Shocking Conduct By A Judge Leads To Anger Management
Apr. 29, 2016 (Mimesis Law) — It’s never a good idea to piss off a judge. They usually have the ability to do nasty things to people who annoy them, like take away your life, liberty, and property. If you anger certain judges, like former Charles County Circuit Court Judge Robert Nalley, the consequences can be absolutely shocking.
Nalley’s not entirely happy with the electrifying consequences of using a stun cuff on a pro se litigant in his old courtroom, as he now faces a year’s probation and anger management classes after ordering a bailiff to activate a stun cuff on Delvon King, a pro se defendant in Nalley’s court on charges of carrying a loaded handgun during a traffic stop.
According to court documents, Nalley’s moment of electric-fueled rage came when King refused to answer Nalley’s questions during jury selection. King, referred to as “Victim 1,” in official court documents, chose instead to read from a prepared statement questioning Nalley’s authority to preside over the trial. Nalley asked King to stop twice. When Delvon King refused to respect Nalley’s authority, the former judge told a courtroom deputy, “Do it. Use it.”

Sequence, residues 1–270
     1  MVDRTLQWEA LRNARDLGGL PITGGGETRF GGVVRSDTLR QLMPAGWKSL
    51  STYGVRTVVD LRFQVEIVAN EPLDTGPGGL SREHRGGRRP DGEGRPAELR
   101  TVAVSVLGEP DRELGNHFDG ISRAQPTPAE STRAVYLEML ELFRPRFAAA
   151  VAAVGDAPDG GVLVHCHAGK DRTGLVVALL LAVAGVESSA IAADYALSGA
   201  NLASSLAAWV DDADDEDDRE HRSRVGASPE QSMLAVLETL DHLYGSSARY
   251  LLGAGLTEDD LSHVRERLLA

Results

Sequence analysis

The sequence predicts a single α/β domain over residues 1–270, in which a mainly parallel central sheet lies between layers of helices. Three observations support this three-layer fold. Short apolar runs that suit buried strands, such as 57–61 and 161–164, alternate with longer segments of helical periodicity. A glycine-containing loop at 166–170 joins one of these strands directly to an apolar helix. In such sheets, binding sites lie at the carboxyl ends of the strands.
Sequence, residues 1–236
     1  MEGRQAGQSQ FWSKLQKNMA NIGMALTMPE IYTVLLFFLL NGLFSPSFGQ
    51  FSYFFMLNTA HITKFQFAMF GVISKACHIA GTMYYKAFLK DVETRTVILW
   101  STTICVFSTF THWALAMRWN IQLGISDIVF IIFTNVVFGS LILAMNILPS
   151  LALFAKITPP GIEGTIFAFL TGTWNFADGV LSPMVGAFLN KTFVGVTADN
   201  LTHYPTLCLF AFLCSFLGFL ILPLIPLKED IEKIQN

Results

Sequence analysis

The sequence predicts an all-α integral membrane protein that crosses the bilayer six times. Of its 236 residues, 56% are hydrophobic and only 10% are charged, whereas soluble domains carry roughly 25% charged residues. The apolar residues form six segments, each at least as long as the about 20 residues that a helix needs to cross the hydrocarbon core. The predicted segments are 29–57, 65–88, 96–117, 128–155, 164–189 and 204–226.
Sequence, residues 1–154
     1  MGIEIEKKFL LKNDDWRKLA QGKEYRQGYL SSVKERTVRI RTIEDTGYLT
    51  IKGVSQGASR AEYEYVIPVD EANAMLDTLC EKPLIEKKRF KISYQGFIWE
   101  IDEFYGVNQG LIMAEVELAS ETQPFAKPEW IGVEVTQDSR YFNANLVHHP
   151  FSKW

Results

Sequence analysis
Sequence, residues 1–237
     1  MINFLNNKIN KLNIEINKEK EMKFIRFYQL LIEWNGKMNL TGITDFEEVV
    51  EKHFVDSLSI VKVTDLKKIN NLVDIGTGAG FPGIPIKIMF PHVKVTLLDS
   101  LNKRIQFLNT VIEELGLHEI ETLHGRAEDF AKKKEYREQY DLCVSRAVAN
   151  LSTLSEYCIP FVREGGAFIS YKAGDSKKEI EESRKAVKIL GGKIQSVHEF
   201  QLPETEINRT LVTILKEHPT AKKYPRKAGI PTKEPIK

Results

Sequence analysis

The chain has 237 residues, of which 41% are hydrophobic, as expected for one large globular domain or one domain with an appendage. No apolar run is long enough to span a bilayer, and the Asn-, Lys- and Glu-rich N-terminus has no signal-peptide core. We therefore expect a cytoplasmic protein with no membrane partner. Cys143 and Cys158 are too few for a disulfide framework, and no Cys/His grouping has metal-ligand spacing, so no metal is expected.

At this point, the courtroom bailiff exercised great care in moving King’s chair out of the way so he had a safe and comfortable place in which to collapse. “Do it. Use it,” must have carried with it a great sense of foreboding, because King finally decided to stop speaking once the bailiff cleared his chair.
That didn’t help much, as King fell hard after 50,000 volts from the stun cuff passed through his body. It didn’t matter such a shock could stop his heart. Sometimes you have to jolt a person into making sense, and Nalley was more than helpful in showing King how talking back to a man in a black robe could lead to riding the lighting.
Others weren’t so sympathetic to Nalley’s jolting attempt at silencing a loudmouthed defendant. Attorneys and jurists both often wish defendants would keep their mouths shut, but U.S. Attorney Rod J. Rosenstein took issue with Nalley’s whammy on Delvon King.
Nalley found himself on the wrong end of a civil rights prosecution, as the official position from the Government was disruptive defendants didn’t need the shock treatment unless they posed a danger to the court. Nalley didn’t just cross electrical wires, he’d crossed the line, and his plea deal reflects an understanding backtalk didn’t merit such stunning behavior.
Nalley’s plea agreement and sincere apology garnered leeway with the Court, since the original sentence carried jail time. Delvon King didn’t get such a sweet deal, as he left the original ordeal with two years in prison following an agreement to drop his motion for a new trial.
Hopefully, Nalley will learn from this experience and exercise some compassion in any future endeavors, and his time in anger management makes teaches him Tasers aren’t a really good way to get litigants in his courtroom to quiet down.